a, The structure of SATB1 in complex with unmodified dsDNA (PDB code: 2O49)30. The structure of SATB1 is shown in white and the structure of dsDNA is shown in green as cartoon. The seventh and tenth deoxyadenosines are shown in yellow as sticks. b, ITC titration curves and fitting curves of SATB1 titrated into unmodified SIDD dsDNA substrates and SIDD dsDNA substrates modified with N6-mA at the seventh or tenth position. c, The SPRi response curves of unmodified and 7th N6-mA-modified SIDD dsDNA binding to wild-type and mutant SATB1 proteins. Immobilized protein concentration, 1 mM; injected DNA concentration, 2.5 μM. d, Summary of KD values determined by SPRi from unmodified and 7th N6-mA-modified SIDD dsDNA binding to wild-type and mutant SATB1. Mean ± s.d. of three biological replicates. Data shown in bd are representative of three independent experiments with similar results.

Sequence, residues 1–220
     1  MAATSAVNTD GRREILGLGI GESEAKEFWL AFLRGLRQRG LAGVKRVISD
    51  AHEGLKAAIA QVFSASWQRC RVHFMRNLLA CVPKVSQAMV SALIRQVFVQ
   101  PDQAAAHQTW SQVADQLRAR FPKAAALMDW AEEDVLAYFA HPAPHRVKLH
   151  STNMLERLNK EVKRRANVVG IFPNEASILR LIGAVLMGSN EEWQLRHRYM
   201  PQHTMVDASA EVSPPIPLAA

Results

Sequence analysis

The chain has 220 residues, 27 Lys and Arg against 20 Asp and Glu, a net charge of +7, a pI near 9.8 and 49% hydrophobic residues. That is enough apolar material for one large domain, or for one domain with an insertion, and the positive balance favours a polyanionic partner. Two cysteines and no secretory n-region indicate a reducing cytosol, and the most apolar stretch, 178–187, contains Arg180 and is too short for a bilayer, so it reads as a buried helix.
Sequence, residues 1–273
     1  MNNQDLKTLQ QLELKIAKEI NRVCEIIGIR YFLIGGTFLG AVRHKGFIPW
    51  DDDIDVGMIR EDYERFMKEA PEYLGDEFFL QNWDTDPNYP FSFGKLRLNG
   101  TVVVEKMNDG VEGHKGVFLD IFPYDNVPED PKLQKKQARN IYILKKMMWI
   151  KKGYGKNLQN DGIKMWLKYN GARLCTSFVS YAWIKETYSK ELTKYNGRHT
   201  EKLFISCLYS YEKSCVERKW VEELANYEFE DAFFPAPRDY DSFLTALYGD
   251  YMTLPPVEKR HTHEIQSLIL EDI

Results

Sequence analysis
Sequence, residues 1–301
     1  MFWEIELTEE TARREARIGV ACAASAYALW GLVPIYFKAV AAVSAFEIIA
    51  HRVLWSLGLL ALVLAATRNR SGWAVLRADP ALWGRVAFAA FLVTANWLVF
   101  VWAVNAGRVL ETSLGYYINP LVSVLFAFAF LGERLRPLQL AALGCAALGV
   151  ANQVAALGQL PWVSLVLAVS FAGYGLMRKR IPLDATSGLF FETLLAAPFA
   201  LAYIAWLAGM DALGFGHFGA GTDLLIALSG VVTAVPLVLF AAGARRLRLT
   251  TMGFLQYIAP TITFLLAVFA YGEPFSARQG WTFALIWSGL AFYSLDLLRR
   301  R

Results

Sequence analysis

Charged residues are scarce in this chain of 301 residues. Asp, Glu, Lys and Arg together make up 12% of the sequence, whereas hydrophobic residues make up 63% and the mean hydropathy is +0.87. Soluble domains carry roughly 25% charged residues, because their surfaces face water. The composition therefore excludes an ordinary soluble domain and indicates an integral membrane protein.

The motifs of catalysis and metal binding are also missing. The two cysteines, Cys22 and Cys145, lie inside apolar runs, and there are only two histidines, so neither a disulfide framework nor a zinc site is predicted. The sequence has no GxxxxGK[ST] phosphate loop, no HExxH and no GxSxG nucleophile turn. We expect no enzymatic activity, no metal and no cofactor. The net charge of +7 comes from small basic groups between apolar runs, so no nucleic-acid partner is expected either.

We next sought to engineer SATB1 mutants that could tolerate the 7th N6-mA, which would be helpful for elucidating the function of N6-mA in vivo. The surface plasmon resonance imaging (SPRi) results revealed that the Q390RQ402A mutant bound similarly to both unmodified and 7th N6-mA SIDD sequences, whereas the Q402N and Q402T mutants did not bind either sequence, presumably owing to the loss of coordinated interactions (Fig. 2c, d, Extended Data Fig. 2a). Biolayer interferometry (BLI) confirmed these results (Extended Data Fig. 2b, c).

In addition, the DNA-binding properties of SATB1 are also influenced by sequence specificity (Extended Data Fig. 2d, e). A few other known AT-rich DNA-binding proteins tested did not display N6-mA specificity. ARID3A recognized neither the unmodified nor the 7th N6-mA substrates, whereas FOXM1 and FOXD3 bound to both with similar binding affinities (Extended Data Fig. 2f, g).